Yes, you can vote in the Toronto election

Eli Ridder | Analysis

Voter turnout has dropped across the country and developed world, and this phenomenon has held true in Toronto, however, you as a student have a chance to contribute your voice to the future of this city, and yes, you can vote.

Even if you live in residence or are renting somewhere within the boundaries. What if you live in a different city? Yes, you can still vote in your municipal election that is happening this coming Monday.

The city is split into 25 wards, with one councillor representing each ward. If you’re located on or near the Humber College North Campus or the University of Guelph-Humber then you are in Ward 1.

In this ward, which also happens to the be the provincial riding held by Premier Doug Ford, the two apparent frontrunners are Michael Ford and Vincent Crisanti, previously right-wing political allies.

However, this does not mean the area around the North Campus is all right-wing, in fact, the northeastern Toronto federal riding is held by Member of Parliament Kirsty Duncan of the Liberal Party.

Ward 1 combines the original Ward 1 and the old Ward 2 for the 2018 election, following changes made by the provincial government.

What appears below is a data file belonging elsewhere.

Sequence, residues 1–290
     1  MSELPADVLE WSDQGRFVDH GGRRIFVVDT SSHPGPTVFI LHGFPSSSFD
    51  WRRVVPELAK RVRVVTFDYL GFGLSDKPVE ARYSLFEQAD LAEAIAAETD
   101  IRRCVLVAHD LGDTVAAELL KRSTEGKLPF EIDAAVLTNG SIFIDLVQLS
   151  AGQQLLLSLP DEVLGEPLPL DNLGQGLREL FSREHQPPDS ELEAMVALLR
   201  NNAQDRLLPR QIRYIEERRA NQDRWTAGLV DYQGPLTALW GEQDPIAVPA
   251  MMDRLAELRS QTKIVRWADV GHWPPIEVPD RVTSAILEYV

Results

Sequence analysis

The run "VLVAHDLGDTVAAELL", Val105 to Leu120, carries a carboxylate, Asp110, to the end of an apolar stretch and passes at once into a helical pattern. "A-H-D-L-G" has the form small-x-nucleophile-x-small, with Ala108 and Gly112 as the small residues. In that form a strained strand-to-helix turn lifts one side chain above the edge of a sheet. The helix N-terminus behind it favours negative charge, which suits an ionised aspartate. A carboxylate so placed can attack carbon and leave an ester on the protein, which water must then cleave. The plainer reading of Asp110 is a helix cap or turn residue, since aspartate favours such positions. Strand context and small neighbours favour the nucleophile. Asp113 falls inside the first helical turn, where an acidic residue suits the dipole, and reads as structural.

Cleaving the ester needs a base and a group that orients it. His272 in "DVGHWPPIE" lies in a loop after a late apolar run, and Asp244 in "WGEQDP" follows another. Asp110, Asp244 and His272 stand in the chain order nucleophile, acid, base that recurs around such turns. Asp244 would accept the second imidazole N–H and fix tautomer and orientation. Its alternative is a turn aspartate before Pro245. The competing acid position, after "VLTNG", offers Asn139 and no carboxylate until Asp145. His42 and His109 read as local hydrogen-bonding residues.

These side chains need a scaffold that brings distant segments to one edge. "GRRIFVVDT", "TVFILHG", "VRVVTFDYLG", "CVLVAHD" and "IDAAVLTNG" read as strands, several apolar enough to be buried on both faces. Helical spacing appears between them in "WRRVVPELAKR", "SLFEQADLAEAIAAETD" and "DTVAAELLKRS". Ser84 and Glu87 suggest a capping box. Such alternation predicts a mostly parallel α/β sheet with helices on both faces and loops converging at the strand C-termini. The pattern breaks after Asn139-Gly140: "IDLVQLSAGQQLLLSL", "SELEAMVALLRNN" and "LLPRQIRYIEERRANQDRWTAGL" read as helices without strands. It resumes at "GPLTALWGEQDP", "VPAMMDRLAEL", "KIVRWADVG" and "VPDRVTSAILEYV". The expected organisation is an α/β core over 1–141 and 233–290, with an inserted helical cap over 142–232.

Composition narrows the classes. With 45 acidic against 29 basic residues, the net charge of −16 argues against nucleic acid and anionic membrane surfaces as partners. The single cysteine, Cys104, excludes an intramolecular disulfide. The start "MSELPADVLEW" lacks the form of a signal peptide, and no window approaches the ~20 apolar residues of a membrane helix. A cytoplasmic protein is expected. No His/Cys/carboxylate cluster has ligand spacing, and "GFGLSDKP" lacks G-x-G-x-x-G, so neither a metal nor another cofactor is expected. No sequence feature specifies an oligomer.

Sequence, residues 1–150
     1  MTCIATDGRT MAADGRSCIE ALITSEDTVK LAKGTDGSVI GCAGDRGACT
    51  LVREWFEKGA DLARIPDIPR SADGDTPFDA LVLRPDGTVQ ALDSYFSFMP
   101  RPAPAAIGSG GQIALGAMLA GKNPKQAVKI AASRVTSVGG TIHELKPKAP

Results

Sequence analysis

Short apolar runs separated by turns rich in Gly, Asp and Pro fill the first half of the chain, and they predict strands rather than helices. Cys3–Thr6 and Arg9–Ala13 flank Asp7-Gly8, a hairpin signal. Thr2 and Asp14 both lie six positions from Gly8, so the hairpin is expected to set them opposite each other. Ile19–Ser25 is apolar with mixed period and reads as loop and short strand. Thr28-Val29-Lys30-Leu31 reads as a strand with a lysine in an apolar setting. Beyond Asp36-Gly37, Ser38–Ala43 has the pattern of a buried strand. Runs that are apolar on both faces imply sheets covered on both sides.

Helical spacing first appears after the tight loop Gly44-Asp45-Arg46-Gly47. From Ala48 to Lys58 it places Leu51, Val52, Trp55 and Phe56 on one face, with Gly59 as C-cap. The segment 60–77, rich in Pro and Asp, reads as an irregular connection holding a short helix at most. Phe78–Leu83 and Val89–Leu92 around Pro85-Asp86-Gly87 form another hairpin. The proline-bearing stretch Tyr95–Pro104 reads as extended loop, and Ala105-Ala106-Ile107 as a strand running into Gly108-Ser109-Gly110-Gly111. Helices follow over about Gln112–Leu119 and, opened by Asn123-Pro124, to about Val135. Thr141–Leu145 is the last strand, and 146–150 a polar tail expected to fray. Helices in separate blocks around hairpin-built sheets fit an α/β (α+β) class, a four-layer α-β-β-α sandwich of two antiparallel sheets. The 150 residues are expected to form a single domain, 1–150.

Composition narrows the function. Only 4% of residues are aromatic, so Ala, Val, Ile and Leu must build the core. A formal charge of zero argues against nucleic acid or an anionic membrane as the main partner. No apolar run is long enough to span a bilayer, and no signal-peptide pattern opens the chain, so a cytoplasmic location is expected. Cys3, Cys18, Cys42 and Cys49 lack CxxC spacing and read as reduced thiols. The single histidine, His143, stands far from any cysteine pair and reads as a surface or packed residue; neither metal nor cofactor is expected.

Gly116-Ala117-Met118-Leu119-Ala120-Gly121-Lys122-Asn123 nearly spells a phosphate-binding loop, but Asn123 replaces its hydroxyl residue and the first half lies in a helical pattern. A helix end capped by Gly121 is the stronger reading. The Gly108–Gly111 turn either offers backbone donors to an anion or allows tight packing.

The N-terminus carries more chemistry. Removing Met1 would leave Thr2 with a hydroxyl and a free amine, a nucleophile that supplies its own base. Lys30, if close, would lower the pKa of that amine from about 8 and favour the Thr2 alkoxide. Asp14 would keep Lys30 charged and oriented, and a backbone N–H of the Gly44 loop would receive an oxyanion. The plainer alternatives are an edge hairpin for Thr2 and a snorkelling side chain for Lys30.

Vincent Crisanti was elected councillor for Ward 1 – Etobicoke North in 2010. He previously held the position of councillor for the City of Etobicoke prior to amalgamation into Toronto in 1998.

He will face off against Ward 2 Councillor Michael Ford who assumed office on Council in May 2016 by winning a by-election. Ford, who is the nephew of the premier, was first elected to public office in 2014 as a TDSB trustee for Etobicoke North.

Also running is: Peter D’Gama, Naiima Farah, Michelle Garcia, Christopher Noor, Shirish Patel, Gurinder Patri and Carol Royer. Get in touch with their platforms and even call or email them, it is important to engage in democracy.

If you happen to live in Guelph, Jamie Killingsworth of the Guelph-Humber Media Studies department and Eli Ridder of The Avro Post are also running in the municipal elections for Council.

Image of Toronto elections from

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